The Hidden Benefit of Chewing Your Food

The Hidden Benefit of Chewing Your Food

As a biological dentist in Denver, our team at the McGinty Dental Group strives to educate our patients about how interconnected our oral health is with our overall health. In recent years, for example, a growing amount of research has found compelling links between that state of our oral health and a variety of chronic long-term illnesses. Studies have found that patients who suffer from gum disease and tooth decay have a higher risk of developing a range of chronic health conditions that include cardiovascular disease, stroke, dementia, diabetes, and cancer. Now a new study has found that not only what we eat but how we eat can actually improve our health.

According to researchers from the National Institutes of Health and The University of Manchester, chewing your food correctly can boost your oral immune system to better protect the body from illness. The study revealed that a specific type of immune cell – Th17 – becomes stimulated when we chew.

While researchers have long known that the nutrients from the foods we eat can support a healthy immune system, the findings of this latest study are the first to establish that the act of chewing itself also plays an important role.

The results of this study were published in the journal Immunity.

Chewing Our Way to Better Health

In other areas of the body like the skin and stomach, Th17 cells becomes stimulated by the presence of friendly bacteria. Researchers had previously assumed the same was true in the mouth.

However, researchers discovered that damage caused by the abrasion of chewing induced factors from the gums that could activate the same pathways as friendly bacteria and stimulate Th17 cells.

Complicating matters, however, is that the stimulation of Th17 cells for the purpose of improving the immune system can actually cause worse oral health in some individuals. An excess of Th17 cells can contribute to the development of periodontitis, a common gum disease that studies have linked to the chronic health issues mentioned before.

“The immune system performs a remarkable balancing act at barrier sites such as the skin, mouth, and gut by fighting off harmful pathogens while tolerating the presence of normal friendly bacteria,” said lead researcher Dr. Joanne Konkel in Immunity.

“Our research show that, unlike at other barrier, the mouth has a different way to stimulating Th17 cells: not by bacteria but by mastication. Therefore, mastication can induce a protective immune response in our gums.”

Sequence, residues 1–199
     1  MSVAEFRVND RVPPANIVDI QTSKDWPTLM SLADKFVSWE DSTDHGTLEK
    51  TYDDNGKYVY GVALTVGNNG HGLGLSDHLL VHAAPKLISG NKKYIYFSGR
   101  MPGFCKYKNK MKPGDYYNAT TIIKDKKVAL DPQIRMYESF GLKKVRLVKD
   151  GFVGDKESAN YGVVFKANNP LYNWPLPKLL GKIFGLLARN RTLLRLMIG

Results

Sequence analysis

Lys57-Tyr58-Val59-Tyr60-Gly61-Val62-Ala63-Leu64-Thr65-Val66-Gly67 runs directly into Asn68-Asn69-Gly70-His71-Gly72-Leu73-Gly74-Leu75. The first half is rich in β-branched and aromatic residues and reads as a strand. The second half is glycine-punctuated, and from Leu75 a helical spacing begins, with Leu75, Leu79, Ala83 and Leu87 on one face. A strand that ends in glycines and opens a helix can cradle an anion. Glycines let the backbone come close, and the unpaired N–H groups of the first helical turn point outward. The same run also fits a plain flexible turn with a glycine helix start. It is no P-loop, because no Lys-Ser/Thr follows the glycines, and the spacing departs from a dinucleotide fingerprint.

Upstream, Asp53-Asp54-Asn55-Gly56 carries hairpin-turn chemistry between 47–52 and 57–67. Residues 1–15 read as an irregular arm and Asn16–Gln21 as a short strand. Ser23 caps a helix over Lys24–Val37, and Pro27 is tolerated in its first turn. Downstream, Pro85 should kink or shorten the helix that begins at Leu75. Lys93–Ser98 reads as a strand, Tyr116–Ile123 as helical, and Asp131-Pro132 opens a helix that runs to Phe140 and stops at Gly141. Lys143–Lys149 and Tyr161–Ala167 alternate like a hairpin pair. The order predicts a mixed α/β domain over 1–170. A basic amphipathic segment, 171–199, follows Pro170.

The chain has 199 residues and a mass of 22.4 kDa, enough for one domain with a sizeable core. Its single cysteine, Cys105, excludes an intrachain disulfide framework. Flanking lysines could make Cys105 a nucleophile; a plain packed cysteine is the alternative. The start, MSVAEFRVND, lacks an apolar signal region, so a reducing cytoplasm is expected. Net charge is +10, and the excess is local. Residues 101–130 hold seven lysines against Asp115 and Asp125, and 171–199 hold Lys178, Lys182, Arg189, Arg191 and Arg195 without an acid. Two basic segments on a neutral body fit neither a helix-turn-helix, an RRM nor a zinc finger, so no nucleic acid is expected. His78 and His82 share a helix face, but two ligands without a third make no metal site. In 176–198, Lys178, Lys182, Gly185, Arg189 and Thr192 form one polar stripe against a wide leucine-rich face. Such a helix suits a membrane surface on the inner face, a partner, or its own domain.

In the study, researchers were able to show the stimulation of Th17 cells in mice by simply changing the hardness of their food, proving that mastication was the critical factor.

However, Th17 cells also demonstrated a potential problem, “We were also able to show that increased damage from mastication could also exacerbate bone loss in periodontitis,” explains Dr. Konkel.

“Importantly, because inflammation in the mouth is linked to the development of diseases all around the body understanding the tissue-specific factors that regulate immunity at the oral barrier could eventually lead to new ways to treat multiple inflammatory conditions.”

Improved Oral Care

Based on the findings of researchers, it seems like making sure to chew your food could very well help improve the body’s immune system. Problems with excess chewing could develop in patients that currently suffer from periodontitis. Fortunately, lowering our patient’s risk of periodontitis is part of what we do as your biological dentist in Denver.

Scheduling regular exams and cleanings with our team will help to significantly lower your risk of developing early or late stage gum disease. Additionally, as a biological dentist in Denver, our team at the McGinty Dental Group also offers additional treatment methods designed to utilize a holistic approach to improving patient care.

Our oral and overall health are connected. From the benefits of chewing to lowering the risk of chronic disease, how we tend to our oral health can dramatically shape our health now and into the future.

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